It’s the best time of year. Halloween is fewer than 30 days away, and with each passing day, more fall activities such as hay rides, apple picking and costume shopping become a way to spend the day.
Unfortunately, this time of year also brings a slew of temporary haunted houses that present mental illness as a fear-inducing spectacle akin to a zombie-infested hay field.
A Google search can reveal thousands of results for haunted houses and tours related to mental health.
But these attractions minimize the horrific history of how mental health has been treated and the effect mental health has on all of us.
The Oregon State Hospital Museum of Mental Health has been in operation since 1862. It is currently a museum that shows how mental health has been treated over time.
Visitors are given individualized bags with cards that have information past patients and told what happened to these people. The remains of 3,500 patients were allowed to rot for years without burial, and many of them were kept in isolation, bound by straitjackets or shocked into submission.
Sadly, this wasn’t a rare occurrence.
In the 1840s, Dorothea Dix, a mental health activist, lobbied the government to fund 32 psychiatric hospitals and institutions.
While Dix's efforts increased access to mental health services, a lack of funding meant these institutions were understaffed and resulted in poor living conditions and treatment for the patients.
This lead to journalist Nellie Bly's investigative piece on her 10 days in a mental institution, in which she exposed the abusive techniques used on patients.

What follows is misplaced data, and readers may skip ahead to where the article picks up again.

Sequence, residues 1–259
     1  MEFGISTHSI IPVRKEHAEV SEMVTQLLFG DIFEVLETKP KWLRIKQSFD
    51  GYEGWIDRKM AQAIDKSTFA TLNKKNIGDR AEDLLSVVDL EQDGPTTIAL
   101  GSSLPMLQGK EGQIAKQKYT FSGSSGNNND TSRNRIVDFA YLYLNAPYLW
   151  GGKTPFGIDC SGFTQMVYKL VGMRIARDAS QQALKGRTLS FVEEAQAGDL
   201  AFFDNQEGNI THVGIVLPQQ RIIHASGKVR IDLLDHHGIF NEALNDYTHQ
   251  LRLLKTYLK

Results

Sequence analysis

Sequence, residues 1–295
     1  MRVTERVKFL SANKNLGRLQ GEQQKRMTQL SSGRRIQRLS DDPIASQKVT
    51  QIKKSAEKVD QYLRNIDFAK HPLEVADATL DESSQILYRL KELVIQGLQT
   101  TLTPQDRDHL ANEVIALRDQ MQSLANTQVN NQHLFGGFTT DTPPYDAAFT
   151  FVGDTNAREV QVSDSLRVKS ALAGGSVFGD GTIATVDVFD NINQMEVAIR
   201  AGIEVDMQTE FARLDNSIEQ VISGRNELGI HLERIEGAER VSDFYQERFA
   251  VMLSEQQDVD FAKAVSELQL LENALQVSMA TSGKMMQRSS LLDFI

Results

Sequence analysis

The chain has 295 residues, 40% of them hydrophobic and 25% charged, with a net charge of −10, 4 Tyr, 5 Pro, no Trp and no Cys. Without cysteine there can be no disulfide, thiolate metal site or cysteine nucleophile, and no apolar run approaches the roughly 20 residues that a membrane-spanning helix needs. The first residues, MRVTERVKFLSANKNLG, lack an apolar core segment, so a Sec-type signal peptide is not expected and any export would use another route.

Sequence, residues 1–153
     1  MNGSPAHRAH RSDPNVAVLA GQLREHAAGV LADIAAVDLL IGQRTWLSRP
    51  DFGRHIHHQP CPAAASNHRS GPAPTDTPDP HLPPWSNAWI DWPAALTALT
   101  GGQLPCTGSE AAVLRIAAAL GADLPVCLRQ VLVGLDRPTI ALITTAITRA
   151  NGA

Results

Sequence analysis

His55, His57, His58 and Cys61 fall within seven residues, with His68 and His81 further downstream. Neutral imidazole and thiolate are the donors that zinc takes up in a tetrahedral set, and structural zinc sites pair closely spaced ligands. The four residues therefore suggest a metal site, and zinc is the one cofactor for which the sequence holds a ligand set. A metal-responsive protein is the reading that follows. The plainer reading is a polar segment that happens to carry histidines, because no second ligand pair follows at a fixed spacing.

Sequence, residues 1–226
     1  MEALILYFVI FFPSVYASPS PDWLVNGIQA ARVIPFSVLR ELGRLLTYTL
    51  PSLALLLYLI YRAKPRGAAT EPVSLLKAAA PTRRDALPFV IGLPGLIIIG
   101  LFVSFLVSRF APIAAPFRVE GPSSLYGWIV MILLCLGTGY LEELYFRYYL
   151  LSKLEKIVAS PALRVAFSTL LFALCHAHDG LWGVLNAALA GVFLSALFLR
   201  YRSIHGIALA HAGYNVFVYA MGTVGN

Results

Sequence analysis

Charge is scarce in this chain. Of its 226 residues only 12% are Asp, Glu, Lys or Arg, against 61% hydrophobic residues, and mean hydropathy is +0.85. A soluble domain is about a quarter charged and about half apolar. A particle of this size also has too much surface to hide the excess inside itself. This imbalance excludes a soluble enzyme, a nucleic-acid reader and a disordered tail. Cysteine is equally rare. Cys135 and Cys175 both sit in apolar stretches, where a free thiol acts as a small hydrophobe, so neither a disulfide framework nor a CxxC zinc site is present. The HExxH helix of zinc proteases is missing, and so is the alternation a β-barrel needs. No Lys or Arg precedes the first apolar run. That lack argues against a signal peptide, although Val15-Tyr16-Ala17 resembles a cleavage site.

While we have moved to more humane ways to treat mental illnesses in this country, we still have a fixation on using mental illness as a scare tactic.
There are still many attractions that use psychiatric hospitals or lunatic asylums as scary shows to entertain others. Knott’s Berry Farm in California announced an attraction named Fear VR 5150, a virtual reality show that depicted the inside of a mental hospital.
Among other grotesque images, it showed people writhing in pain, and was recently closed because of its portrayal of mental health.
John Leyerle, president of the National Alliance of Mental Illness for Orange County, California, said “this attraction will no longer further mental health stigma.”
Halloween is supposed to be a fun time. It often is, and scary attractions or haunted houses are an exciting part of the season. Unfortunately, not all of them are innocent fun. People who don't live an offending haunted house can still reach out on social media to raise awareness.
The portrayal of mental health in these attractions furthers the stigma deeply rooted in the United States against mental illness.
There is no reason these attractions should still feature mental illness. Suffering isn’t entertainment, and we should stop treating it as such.
This October, don’t attend a haunted house that stigmatizes mental illnesses.
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